CHARLESTON, W.Va. -- Some tastes I've had to work to acquire.
A taste for coffee was one. Although my nose would feel seduced by the smell of brewing coffee, it wasn't until I began adding much cream and sweetener that I developed a taste.
National Public Radio was another. Before meeting my husband, the only times I listened to NPR were by accident, and I never stayed long enough to give it a chance. Then Geoff introduced me to a few of his favorite shows, which soon became mine, which evolved into my saving sock-sorting and such for when those shows aired.
And, much as I love this state and its people, there was a time when I would cringe at the word "Appalachian," feeling it meant spit and whittle, and held negative, backwoods implications. But then I was part of something amazing -- something so thoroughly Appalachian that no other word but that could describe what it was.
Except maybe "enchanted."
It was the last night of the West Virginia Writers Conference at Cedar Lakes in Ripley. The banquet and awards ceremony had ended, and most folks had moved into the assembly hall for the evening's entertainment. First was a reading by Lee Maynard (a West Virginian and one of my favorite authors ever) accompanied by acoustic bluesman Pops Walker. Next up were Americana musicians Doug and Telisha Williams, who hail from southwestern Virginia (which sounds close enough to being south West Virginia that I think we should claim them).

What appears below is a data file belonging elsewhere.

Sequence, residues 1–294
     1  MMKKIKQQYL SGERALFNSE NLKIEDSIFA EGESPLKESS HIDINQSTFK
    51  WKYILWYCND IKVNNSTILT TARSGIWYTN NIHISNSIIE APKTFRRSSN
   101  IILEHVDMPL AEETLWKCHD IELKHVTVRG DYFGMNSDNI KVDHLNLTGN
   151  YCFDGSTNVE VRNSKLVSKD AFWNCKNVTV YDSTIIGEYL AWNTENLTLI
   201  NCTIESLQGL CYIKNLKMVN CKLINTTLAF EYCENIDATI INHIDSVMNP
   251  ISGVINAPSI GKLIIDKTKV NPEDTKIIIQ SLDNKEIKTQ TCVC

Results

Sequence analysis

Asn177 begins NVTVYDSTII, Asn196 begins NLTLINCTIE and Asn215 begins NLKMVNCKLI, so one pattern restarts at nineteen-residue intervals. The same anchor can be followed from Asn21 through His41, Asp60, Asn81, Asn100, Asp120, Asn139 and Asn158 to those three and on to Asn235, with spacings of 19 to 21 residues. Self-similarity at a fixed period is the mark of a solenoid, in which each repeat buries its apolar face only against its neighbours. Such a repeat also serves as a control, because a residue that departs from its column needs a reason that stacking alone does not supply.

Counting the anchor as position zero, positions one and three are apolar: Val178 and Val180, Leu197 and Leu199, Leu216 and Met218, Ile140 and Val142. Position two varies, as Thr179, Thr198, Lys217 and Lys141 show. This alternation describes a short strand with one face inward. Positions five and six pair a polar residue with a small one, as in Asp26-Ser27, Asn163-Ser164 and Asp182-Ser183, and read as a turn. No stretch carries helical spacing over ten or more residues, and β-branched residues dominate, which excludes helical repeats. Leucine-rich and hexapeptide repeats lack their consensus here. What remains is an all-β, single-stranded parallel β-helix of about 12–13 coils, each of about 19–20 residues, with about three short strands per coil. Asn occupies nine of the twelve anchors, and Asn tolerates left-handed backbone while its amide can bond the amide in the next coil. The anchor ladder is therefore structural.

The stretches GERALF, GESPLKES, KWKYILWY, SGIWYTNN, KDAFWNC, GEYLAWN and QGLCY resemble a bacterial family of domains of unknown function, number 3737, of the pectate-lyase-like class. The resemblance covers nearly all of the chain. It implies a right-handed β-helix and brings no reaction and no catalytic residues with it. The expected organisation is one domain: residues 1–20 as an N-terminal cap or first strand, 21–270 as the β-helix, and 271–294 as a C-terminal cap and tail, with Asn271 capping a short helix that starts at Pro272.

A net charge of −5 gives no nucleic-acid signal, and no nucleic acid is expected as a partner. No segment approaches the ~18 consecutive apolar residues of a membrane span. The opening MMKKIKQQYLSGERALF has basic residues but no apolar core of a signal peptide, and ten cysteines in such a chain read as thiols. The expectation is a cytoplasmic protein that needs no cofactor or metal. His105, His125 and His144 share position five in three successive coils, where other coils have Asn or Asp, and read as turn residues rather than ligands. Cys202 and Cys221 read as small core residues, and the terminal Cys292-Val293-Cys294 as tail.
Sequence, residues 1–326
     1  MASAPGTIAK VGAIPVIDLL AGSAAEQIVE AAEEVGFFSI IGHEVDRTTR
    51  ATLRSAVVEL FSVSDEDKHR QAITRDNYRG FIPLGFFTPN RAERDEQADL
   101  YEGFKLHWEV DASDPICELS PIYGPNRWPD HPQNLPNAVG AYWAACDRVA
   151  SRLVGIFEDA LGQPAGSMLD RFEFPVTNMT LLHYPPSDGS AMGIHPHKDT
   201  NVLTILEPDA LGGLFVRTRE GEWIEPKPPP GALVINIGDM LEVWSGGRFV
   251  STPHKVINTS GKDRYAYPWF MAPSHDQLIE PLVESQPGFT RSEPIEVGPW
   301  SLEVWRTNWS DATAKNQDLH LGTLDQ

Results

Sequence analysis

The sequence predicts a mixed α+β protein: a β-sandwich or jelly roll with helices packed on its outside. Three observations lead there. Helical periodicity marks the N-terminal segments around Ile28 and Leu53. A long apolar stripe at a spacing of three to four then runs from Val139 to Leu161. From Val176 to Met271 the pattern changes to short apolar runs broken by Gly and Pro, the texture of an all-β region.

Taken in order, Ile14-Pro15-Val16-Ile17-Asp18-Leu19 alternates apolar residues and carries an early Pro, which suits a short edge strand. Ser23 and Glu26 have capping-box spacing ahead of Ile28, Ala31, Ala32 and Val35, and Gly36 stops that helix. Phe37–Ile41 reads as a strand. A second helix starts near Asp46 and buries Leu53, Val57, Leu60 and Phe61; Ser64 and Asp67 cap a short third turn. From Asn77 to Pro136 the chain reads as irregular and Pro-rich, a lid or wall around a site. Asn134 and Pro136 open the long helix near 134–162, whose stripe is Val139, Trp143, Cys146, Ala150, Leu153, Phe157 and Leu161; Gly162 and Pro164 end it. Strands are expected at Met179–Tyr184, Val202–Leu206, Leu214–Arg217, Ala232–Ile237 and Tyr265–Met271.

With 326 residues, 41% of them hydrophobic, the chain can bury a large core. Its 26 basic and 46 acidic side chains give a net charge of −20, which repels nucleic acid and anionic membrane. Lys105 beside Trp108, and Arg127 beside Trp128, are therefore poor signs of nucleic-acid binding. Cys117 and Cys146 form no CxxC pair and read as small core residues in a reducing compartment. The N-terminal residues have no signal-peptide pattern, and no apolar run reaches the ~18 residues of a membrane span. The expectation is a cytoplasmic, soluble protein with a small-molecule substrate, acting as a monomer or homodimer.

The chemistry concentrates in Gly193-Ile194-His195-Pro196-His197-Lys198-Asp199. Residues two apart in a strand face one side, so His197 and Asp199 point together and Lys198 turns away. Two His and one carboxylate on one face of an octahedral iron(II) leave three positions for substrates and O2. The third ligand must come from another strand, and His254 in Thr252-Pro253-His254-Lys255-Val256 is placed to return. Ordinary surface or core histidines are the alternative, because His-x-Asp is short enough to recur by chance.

They performed their own songs, and there was this one -- brand new -- they'd never performed in public before. Telisha admitted to being nervous about putting it out there, but to an audience of writers, familiar with the exposed feeling that comes with sharing something they'd written, nothing could've endeared her to us more.
That song, "I Want to Be Gone," was hands-down one of the best I've ever heard in my life, and her singing of it couldn't have been any more perfect. It's what a voice like hers is meant for, and the crowd went wild.
As good as the performances were, the magical part of the night didn't begin until the official entertainment was over. Many went back to their rooms to change while the campfire was being lit, and though I started to head for the campfire, Lee Maynard invited me to join him and Pops Walker on the back porch of the lodge, and I couldn't resist.
Someone grabbed Telisha and Doug Williams on their way to change and asked them to join us. Pops convinced them to bring their instruments, since he had brought his.
A few other conference goers wandered in, and soon, Pops and the Williamses were playing for us, with Telisha accepting a request to sing a Patsy Cline song, which she nailed in a way I'd have sworn only Cline herself could've done.